### Video Transcript

The diagram shows a U-shaped tube
containing both water and oil, which are immiscible. Atmospheric pressure acts equally
on the tops of the columns of water and oil. How does the ratio of the densities
of the oil to the water, π sub oil to π sub water, compare to the heights β one
and β two? (A) π sub oil to π sub water
equals β two divided by β one. (B) π sub oil to π sub water
equals β one divided by β one plus β two. (C) π sub oil to π sub water
equals β one plus β two divided by β one times β two. (D) π sub oil to π sub water
equals β one divided by β two. (E) π sub oil to π sub water
equals β two divided by β one plus β two.

In our diagram, we indeed see this
U-shaped tube filled with two fluids, oil and water. The column of oil has a height
equal to β two. And if we follow a horizontal line
from the bottom of the column of oil to the water, then the height of the column of
water above this line on the opposite side of the tube is β one. Our question asks us about the
ratio of the densities of these fluids. A fluidβ²s density π and its height
β are connected through this equation for the pressure generated by such a
fluid. This equation tells us, for
example, that the pressure generated by our column of oil, that is, the downward
pressure exerted here due to the oil, is equal to the oilβ²s density times the
acceleration due to gravity multiplied by the height of the column of oil.

Because oil and water are
immiscible, that is, they donβ²t mix, thereβ²s a clear boundary here between the two
fluids. If we look on the other side of our
U-shaped tube at that same elevation, we can notice something interesting. The amount of water below the pink
line on the right side of our tube, that is, this amount of water here, is exactly
equal to the amount of water below that pink horizontal line on the other side of
our tube. Therefore, the pressure along this
dashed pink horizontal line is constant. Specifically, the pressure here on
the left-hand side is identical to the pressure here on the right-hand side.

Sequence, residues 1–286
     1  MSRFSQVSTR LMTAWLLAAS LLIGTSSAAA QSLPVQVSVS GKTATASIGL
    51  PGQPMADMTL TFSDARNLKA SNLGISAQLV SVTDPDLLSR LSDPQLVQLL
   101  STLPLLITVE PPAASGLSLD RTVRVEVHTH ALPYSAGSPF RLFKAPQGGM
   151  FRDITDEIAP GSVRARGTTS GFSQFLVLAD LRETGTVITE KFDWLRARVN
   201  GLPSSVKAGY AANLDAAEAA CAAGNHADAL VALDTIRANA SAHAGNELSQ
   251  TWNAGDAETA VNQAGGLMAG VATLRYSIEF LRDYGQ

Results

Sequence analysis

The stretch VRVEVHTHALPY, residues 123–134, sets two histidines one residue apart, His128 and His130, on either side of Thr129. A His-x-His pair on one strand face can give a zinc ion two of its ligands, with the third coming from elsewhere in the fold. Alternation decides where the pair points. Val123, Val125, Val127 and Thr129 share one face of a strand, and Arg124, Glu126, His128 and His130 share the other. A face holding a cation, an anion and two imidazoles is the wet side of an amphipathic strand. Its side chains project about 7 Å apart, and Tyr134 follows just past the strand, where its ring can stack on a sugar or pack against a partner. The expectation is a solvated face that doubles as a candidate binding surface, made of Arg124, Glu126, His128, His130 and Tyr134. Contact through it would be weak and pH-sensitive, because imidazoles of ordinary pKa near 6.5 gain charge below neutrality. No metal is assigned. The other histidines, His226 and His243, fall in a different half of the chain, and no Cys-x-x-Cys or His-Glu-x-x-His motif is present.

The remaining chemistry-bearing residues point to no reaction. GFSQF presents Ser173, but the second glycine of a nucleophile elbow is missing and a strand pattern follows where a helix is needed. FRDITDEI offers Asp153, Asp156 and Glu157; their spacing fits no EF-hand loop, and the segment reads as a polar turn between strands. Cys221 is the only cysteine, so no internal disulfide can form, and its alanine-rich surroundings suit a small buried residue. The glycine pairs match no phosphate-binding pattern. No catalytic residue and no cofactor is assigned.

Letβ²s clear some space on screen to
work. And we can notice that above this
point on the left side of our tube is a column of oil of height β two. That column creates a pressure,
weβ²ll call it π sub oil, of the density of oil times the acceleration due to
gravity times β two. If we then follow this horizontal
line to that same elevation point on the right side of our tube, we see that this
point has a column of water above it of height β one. This also produces a pressure,
weβ²ll call it π sub water. And it equals the density of water
times π times β one.

As we saw earlier, the pressure at
any point inside the U-shaped tube along the pink line is the same. That means that the pressure due to
the column of oil of height β two equals the pressure due to the column of water of
height β one. Therefore, we can say that π sub
oil times π times β two equals π sub water times π times β one. Notice that the acceleration due to
gravity is common to both sides of this equation. Therefore, if we divide both sides
by π, that factor will cancel out.

Weβ²re now getting close to our
answer. Recall that we want to solve for
the ratio of π sub oil to π sub water. If we divide both sides of this
remaining equation by π sub water times β two, then on the left-hand side, the
height β two cancels, and on the right π sub water cancels out. That leaves us with this result
that the density of oil divided by the density of water equals β one divided by β
two. Reviewing our answer options, we
see that this agrees with option (D). This then is our answer. And note that the height β one is
smaller than the height β two. This tells us that the density of
our oil is less than the density of water.